Maths – as teachers are fond of telling anyone who’ll listen – is everywhere. In this difficult second episode of the difficult second series of Relatively Prime, Samuel Hansen shows us a few important places where it can be a help: at the petrol pump, at the birthday party, in the car park and at the bar — or rather, in deciding whether to go.
I’ve been waiting for the new season of Relatively Prime for more than three years. I’ve listened to Chinook, the highlight of Season 1, countless times since then. And finally, finally, it’s arrived in my podcast feed.
Woo, and for that matter, hoo!
If you were paying very close attention last week, you’ll have noticed my attempt to come up with an estimate of π, geometrically, as part of The Aperiodical’s π Day challenge (even if it’s not really π Day):
Hello. I’m Colin Beveridge and I’m stealing Christian’s round-up introduction, since we’ve had a handful of links of teaching and learning sent our way. Let’s get this show on the road!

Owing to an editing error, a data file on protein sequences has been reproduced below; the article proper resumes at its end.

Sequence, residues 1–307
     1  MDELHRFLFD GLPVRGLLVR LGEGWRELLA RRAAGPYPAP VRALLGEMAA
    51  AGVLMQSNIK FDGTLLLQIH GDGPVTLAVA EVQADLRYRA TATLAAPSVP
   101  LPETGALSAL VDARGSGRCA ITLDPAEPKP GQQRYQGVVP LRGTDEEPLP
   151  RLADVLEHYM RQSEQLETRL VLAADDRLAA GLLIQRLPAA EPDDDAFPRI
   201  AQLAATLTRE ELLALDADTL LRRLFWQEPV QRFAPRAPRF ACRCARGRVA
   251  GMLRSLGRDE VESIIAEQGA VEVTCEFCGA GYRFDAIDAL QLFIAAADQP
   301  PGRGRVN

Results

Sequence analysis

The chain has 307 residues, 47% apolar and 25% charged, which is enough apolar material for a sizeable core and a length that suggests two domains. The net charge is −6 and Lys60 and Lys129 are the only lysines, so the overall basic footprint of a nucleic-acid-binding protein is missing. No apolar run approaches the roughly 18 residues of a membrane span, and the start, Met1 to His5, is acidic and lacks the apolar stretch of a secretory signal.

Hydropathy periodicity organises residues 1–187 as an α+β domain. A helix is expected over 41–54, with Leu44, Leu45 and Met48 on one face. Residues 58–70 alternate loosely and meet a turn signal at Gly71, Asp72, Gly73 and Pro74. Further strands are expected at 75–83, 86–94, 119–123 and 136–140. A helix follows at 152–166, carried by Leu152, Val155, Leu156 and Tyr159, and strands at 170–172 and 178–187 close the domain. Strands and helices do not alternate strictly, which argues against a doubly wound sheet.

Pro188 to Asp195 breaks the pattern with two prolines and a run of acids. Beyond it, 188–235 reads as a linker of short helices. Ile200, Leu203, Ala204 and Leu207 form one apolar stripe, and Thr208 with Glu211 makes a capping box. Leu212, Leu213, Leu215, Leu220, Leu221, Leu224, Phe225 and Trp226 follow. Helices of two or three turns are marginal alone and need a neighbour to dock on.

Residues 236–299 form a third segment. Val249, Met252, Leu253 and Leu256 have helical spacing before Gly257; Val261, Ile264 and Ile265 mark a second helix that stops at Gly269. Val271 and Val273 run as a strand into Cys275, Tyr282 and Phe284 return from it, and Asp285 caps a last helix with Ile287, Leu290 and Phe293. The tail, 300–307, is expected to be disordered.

This is a puzzle I presented at the MathsJam conference. It’s a problem that gave me a headache for a week or so, and I thought others might enjoy it, too. I do know the answer, but I’m not going to give it away — you can tweet me @icecolbeveridge if you want to discuss your theories! (As Colin Wright says: don’t tell people the answer).
You’ve heard of the Monty Hall Problem, right?
Only you can save the Wuzzit! Screenshot courtesy of Innertube Games.
Had Wuzzit Trouble been around in 2001, when I was teaching Diophantine equations… well, there wouldn’t have been an iPhone to play it on, and it would probably have been too graphically-intensive for the computers available at the time. However, I’m willing to bet fewer of my students would have fallen asleep in class.
In which the intrepid maths-crime-fighting duo of Gale and Beveridge find themselves thrust back to a time before people could do maths properly.
It had been a quiet night at the Aperiodical police station. Apart from a few cases of broken scheduling in Excel formulas – nothing a bit of TIME() in the cells wouldn’t put right – there was nothing.
At 11pm, the phone rang. I looked at Sergeant Gale. Sergeant Gale pointedly looked at the phone, raised an eyebrow, and returned to his sudoku.
“Maths Police, bad graphs department. Constable Beveridge speaking, how can I help?”